Crew: Camera (color, widescreen, HD), Jim Timperman; music, the Newton Brothers; production designer, Cameron Bourquein; sound, Sonny Wingler; casting, Rosemary Welden. Reviewed on DVD, New York, Jan. 16, 2012. Running time: 96 MIN.

With: With: Margo Martindale, Hanna Hall, Adam Scarimbolo, Jim Dougherty, LaDonna Pettijohn, Raymond Kester.

More Film

  • Don Edkins, documentary filmmaker

    Documentary Filmmaker Don Edkins on ‘Creating an African Voice’ 

    DURBAN–For the 10th Durban FilmMart (DFM), the industry program of the Durban Intl. Film Festival, a new strand was created to look at the unique challenges and opportunities facing documentary filmmakers in Africa. The two-day program, Durban Does Docs, offers a series of conversations, seminars and workshops with an intensive focus on the aesthetics, funding, distribution [...]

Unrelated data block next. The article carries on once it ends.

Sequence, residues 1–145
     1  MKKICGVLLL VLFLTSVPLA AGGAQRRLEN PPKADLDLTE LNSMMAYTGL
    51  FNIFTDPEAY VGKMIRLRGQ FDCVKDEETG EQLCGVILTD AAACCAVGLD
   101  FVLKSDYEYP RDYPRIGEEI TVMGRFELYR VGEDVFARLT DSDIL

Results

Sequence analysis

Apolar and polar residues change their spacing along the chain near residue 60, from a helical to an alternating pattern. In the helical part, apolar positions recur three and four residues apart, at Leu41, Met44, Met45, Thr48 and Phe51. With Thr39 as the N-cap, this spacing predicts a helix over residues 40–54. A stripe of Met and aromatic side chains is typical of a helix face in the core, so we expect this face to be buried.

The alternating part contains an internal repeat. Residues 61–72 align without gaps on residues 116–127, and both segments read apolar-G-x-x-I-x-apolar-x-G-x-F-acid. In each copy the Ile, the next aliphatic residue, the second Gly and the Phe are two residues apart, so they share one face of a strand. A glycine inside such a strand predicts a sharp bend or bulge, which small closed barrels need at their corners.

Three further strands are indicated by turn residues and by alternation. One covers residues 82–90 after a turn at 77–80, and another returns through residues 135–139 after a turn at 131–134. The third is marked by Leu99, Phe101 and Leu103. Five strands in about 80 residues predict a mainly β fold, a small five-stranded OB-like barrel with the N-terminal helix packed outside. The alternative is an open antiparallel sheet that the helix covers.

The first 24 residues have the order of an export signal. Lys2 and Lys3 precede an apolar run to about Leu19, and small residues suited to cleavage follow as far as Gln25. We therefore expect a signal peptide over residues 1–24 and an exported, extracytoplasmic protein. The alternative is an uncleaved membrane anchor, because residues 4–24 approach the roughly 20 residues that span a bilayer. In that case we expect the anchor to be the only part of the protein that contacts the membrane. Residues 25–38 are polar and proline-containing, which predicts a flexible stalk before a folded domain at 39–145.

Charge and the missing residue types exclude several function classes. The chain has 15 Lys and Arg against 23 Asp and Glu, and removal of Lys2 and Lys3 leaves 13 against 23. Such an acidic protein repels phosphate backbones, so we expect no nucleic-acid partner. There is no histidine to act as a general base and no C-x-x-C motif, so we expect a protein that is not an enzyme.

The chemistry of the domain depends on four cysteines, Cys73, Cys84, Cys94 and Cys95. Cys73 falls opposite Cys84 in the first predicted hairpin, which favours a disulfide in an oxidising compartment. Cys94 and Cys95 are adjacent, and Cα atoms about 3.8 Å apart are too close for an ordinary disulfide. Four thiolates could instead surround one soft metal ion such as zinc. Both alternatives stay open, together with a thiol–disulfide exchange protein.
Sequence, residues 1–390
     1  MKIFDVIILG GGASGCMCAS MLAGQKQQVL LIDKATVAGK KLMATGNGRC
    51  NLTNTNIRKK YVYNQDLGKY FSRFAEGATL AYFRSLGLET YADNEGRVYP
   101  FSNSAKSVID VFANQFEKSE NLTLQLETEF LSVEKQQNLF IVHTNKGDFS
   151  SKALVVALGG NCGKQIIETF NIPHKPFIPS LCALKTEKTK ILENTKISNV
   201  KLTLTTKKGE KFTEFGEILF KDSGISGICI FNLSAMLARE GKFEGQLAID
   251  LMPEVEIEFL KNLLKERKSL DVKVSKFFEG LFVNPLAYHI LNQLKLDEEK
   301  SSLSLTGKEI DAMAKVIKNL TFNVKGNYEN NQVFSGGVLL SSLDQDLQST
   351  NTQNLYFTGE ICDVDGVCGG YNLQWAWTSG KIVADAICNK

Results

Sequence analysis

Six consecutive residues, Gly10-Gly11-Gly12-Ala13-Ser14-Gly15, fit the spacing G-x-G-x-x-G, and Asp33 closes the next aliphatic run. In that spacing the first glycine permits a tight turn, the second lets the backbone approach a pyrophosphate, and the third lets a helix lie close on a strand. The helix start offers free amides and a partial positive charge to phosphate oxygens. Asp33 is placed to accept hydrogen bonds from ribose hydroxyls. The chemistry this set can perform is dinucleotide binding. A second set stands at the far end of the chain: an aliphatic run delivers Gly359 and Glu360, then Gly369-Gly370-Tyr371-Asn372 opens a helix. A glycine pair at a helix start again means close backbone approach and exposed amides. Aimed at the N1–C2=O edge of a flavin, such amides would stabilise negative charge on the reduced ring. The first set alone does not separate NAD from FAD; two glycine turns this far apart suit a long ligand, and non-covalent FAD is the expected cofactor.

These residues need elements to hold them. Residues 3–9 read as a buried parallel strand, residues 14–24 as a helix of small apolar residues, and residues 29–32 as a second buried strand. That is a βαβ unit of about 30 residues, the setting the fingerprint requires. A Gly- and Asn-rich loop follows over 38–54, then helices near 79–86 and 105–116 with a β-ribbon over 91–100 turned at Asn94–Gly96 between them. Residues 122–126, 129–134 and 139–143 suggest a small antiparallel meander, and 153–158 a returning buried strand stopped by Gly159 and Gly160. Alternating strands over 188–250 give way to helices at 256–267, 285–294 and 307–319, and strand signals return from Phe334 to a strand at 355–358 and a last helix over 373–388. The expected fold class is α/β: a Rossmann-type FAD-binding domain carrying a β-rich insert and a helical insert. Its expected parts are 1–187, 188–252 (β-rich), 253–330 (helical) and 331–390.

• A Faithful Man

    Film Review: 'A Faithful Man'

    French actor Louis Garrel has been married twice, first to Iranian talent Golshifteh Farahani, and now to model-cum-actress Laetitia Casta. He has also directed two features, the first a free-wheeling love-triangle comedy called “Two Friends” in which Garrel plays the cad who comes between his best friend and the object of his obsession (played by [...]

  • LGBTQ Film Festival Outfest Opens With

    LGBTQ Film Festival Outfest Opens With Documentary About Gay Porn Shops Circus of Books

    Granted, the red carpet at the opening night of Outfest in DTLA may not have been the most star-studded but it was without a doubt the most diverse, inclusive and, yes, fabulous. “I’ve never been here before,” admitted “RuPaul’s Drag Race” vet Trixie Mattel, who stars in the documentary “Moving Parts.” “It’s supposed to be [...]

  • Editorial use only. No book cover

    Russ Tamblyn's Career Had Legs After Childhood